• Using GA4 conversions can be quick and easy without doing any additional tracking setup for GAds conversions.
  • GA4 tracking provides a more holistic view of traffic sources’ performance and doesn’t look at only GAds (google/CPC) as the source.
  • GAds can use the data provided by GA4 to optimize for smart bidding.
  • You can look at conversions that are not entirely related to GAds, yet provide an overview of different engagement actions on the site or app.

When you import GA4 conversions into Google Ads, they are marked as “secondary conversions” and not used for bidding optimization, etc. So, you should mark them as “primary,” if that’s what you want to do.

This brings us to the million-dollar question (or more depending on your ad budget) – which one to use?

Choosing Between Google Ads vs Google Analytics 4 Conversions

We can get the best of both worlds by using Google Ads conversion tracking for a more accurate picture of what’s happening with the ads, as well as use that data for bidding strategies and campaign optimization.

Google Analytics 4 conversions can be imported and used as “secondary” where they are observed in the reports, but not used for campaign optimization.

This setup can take a little extra effort with the initial tracking setup; but in the end, you get data from two sources. That isn’t necessarily a bad thing as they are still separate.

The important thing is to be aware of the nuances and why there could be data differences between both Google products when it comes to making decisions about your campaigns.

You can have more flexibility whereas if one source breaks, you still have data from another (no absolute gaps) and you can see GAds data in GA4 reports and vice versa.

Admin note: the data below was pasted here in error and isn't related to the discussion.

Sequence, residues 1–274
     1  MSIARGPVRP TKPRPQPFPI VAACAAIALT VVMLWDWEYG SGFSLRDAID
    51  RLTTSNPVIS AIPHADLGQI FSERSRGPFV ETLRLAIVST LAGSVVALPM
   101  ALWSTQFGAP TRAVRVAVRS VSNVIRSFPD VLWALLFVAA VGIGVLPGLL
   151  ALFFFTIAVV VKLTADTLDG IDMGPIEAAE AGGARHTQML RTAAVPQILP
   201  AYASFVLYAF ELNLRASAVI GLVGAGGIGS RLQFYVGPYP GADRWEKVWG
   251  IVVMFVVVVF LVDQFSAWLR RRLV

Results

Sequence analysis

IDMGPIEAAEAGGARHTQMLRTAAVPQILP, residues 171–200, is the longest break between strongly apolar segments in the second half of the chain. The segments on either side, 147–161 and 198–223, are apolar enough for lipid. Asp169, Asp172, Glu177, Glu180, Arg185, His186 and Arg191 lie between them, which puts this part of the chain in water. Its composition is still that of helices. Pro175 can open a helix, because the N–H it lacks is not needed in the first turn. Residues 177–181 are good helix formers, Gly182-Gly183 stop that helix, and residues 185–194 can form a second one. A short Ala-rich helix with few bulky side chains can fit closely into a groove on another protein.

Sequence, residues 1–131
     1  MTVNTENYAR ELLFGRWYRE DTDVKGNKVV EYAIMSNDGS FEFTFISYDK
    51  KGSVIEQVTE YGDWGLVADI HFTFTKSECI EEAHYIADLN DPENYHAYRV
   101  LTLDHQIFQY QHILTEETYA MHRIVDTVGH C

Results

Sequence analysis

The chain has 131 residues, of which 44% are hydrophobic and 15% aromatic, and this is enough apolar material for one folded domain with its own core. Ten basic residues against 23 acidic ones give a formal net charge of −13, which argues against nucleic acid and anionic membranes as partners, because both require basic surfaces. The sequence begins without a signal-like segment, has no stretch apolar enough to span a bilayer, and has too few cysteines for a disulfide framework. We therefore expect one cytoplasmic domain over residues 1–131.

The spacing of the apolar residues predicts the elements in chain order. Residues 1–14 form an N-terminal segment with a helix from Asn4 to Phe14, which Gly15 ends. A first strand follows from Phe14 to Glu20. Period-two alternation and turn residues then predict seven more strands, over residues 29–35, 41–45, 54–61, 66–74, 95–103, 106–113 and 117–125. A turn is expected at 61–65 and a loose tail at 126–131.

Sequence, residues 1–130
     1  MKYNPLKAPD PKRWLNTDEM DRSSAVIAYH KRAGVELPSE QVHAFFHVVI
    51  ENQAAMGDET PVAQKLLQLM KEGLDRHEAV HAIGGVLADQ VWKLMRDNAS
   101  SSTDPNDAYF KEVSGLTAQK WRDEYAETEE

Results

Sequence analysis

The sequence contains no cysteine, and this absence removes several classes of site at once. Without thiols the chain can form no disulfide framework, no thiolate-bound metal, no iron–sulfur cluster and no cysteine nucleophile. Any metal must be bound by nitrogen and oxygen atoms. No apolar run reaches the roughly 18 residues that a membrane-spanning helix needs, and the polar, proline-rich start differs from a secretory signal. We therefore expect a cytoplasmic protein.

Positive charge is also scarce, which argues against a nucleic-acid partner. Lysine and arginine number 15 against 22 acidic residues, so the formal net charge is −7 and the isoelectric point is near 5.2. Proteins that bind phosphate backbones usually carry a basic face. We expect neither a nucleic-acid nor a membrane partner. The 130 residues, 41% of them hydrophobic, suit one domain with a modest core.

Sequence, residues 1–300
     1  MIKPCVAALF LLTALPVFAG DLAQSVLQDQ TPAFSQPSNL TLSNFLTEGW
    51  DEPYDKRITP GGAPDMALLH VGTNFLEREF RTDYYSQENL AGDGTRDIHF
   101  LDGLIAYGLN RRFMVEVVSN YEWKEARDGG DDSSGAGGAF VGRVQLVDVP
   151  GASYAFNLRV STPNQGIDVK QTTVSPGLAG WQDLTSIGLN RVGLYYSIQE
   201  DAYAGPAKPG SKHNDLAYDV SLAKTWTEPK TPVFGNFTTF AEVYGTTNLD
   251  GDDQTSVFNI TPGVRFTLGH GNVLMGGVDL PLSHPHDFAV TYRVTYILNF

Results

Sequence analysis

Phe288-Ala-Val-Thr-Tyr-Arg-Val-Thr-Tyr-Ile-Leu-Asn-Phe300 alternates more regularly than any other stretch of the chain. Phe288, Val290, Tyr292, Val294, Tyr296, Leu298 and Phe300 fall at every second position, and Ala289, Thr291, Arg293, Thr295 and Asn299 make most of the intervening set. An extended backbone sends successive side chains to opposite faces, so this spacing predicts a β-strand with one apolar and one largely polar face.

Now, unless you only run GAds and don’t have any conversions set up in GA4 (which isn’t recommended), then you can only use GAds conversions. However, it would be better to include web analytics as part of your digital marketing strategy.


In this post, we discussed what conversion tracking in GAds is and how GA4 conversions can be imported into Google Ads, which led us to learn some major reasons for data discrepancy between both platforms.

We then looked at how using GAds conversions can be helpful and what GA4 conversions bring to the table considering they have different purposes to serve.

Finally, we explored which option of conversion tracking would work best and landed on the recommendation to use both of them to have more data, accuracy, and flexibility.

So, if you’re looking to set up GAds conversion tracking, check out our post on Google Ads Conversion Tracking with Google Tag Manager.

What conversions do you use in your Google Ads account? How does it affect your data? Let us and our readers know in the comments!



Master Data & Analytics with MeasureMasters

Exclusive Courses & Workshops | Ongoing Troubleshooting | Support Resources, Tools & much more